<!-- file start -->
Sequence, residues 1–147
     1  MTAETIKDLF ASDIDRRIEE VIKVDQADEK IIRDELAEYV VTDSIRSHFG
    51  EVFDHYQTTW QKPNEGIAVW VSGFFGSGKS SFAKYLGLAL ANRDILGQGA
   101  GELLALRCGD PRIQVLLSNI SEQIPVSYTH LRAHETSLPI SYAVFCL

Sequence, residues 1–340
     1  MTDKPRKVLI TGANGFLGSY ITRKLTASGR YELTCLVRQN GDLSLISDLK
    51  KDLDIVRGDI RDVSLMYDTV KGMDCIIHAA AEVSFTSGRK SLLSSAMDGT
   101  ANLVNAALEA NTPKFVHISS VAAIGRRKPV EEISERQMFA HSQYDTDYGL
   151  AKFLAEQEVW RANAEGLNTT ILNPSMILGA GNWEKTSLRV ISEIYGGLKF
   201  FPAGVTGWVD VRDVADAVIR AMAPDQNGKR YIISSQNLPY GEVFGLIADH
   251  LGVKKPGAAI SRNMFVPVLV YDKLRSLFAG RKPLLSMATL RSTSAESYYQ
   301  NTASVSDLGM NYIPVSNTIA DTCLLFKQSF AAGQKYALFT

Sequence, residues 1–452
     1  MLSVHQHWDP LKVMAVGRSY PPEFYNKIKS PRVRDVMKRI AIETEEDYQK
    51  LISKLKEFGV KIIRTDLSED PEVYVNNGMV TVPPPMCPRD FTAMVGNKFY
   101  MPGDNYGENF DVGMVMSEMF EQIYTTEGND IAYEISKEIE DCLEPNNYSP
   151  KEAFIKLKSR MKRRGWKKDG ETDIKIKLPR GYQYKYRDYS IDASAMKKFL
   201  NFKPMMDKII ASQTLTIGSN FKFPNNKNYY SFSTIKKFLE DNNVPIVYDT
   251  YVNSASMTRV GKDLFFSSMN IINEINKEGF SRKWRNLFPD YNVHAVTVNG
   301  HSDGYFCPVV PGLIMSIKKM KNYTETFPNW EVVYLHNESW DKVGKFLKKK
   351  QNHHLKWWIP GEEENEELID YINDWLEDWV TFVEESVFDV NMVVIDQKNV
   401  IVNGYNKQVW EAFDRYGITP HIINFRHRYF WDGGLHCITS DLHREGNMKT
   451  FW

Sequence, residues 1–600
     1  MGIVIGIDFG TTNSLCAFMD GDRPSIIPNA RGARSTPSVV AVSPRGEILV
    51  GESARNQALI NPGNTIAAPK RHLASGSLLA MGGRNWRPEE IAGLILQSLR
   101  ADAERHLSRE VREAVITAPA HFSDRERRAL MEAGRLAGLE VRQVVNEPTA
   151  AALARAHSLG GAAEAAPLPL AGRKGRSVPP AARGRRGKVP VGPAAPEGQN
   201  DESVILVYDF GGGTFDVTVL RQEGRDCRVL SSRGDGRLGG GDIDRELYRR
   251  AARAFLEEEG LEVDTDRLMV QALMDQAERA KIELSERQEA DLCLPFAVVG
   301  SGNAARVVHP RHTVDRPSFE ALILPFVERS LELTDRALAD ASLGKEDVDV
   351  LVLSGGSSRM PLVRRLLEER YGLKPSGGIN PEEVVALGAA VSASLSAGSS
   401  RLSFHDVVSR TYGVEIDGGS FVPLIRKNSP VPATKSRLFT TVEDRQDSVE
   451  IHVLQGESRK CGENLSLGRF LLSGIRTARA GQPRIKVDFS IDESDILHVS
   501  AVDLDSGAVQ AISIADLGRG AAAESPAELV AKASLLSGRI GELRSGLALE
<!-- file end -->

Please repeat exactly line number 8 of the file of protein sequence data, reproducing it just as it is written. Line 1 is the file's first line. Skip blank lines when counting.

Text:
   101  ANLVNAALEA NTPKFVHISS VAAIGRRKPV EEISERQMFA HSQYDTDYGL